New exhibition opening on the 30th of September: "Fronteiras/Boundaries"

Registration

Search

Armchair With New Upholstered Fabric | Jindřich Halabala | Up Závody | Czechoslovakia | 1950s

Anatomical Plaster Bust | Louis M. Meusel | Sonnenberg | Germany | 1920's

André Costa | My height | 2020 | acrilic on plaster | 175x53x10cm

Euphorbia

1b019

Scandinavian Modern Lounge Chair | Søren Holst | Fredericia Furniture | 1984

The chair forms part of a large series of wooden furniture that Søren Holst designed for Fredericia Furniture in 1984. The design is simple, functional and unmistakably Nordic. The light yet comfortable sofa is marked by its visible construction which expresses honesty and which allows the wood to come into its own.

Creator: Søren Holst (Designer) | Fredericia Furniture(Manufacturer) 

Dimensions (cm):

Height

78

Width

76

Depth

77

Seat Height

41

Place of Origin: Denmark

Design Period: 1984

Style: Scandinavianmodern furniture.

Materials:oak wood | high quality leather cushions

Condition: Good - Lightly used, with very light scratches, or minor cosmetic wear, but has no structural issues. Most antique and vintage items fit this condition.
 

Søren Holst, “Awards are all very well and it’s always nice to be recognised for one’s achievements but what really makes me happy is when my designs work.”
There is no doubt in Søren Holst’s mind: Visual longevity is the most important feature of any piece of furniture; the fact that you can stand looking at it 10 years on. The fact that he designed his first pieces of furniture for Fredericia Furniture back in 1984 and that they continue to sell well, particularly in Japan, attests that this is not merely empty hype.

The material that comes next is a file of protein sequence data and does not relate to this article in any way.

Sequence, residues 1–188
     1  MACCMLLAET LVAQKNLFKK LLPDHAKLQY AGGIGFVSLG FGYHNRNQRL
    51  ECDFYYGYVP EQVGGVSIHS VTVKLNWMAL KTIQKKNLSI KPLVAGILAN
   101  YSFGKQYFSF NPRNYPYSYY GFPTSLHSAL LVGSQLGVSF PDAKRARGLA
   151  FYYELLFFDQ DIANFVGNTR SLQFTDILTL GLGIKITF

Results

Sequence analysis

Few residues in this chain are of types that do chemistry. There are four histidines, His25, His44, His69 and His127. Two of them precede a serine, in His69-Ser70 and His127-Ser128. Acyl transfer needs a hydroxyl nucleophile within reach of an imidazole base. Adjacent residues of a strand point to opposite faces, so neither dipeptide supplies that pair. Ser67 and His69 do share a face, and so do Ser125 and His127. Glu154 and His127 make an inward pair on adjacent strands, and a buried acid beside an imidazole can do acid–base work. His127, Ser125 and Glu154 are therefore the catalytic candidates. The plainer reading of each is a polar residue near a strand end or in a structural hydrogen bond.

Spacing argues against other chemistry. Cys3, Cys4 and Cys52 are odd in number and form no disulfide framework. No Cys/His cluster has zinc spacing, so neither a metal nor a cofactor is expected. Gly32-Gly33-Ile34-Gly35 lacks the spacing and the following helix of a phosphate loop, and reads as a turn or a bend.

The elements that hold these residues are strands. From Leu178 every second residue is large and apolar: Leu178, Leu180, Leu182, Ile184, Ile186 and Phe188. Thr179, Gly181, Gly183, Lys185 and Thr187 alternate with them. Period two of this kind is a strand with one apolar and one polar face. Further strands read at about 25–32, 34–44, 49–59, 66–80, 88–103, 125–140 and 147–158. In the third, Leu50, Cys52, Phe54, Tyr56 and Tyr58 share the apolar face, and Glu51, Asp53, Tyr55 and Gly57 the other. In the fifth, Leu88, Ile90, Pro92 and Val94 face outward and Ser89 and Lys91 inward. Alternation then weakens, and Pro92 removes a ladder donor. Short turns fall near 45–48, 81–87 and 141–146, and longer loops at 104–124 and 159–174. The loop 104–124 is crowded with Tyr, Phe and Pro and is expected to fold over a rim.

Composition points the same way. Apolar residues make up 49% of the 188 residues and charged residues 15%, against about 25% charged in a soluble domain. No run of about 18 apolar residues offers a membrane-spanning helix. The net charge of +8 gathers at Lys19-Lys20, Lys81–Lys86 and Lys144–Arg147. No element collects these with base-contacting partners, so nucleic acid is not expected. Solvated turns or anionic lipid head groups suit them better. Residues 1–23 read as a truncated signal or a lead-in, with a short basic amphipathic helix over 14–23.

Holst, who trained as a cabinet maker, a building technician and a furniture designer, has had a close and long-standing collaboration with Fredericia Furniture. Not surprisingly his advice to graduate furniture designers is that they should seek and appreciate close collaboration.

“The manufacturer is the designer’s tool – in exactly the same way as the plane is the carpenter’s.”

Despite his background as cabinet maker, Søren Holst has worked just as much with metal as he has with wood, and as a teacher at the Danish School of Design he primarily focuses on industrial design. An example of this is that he has helped design the benches and plinths that have been erected at Nørreport’s busy metro Station in Copenhagen. Inspiration comes from every source and at any moment of the day or night. browse: www.fredericia.com

Search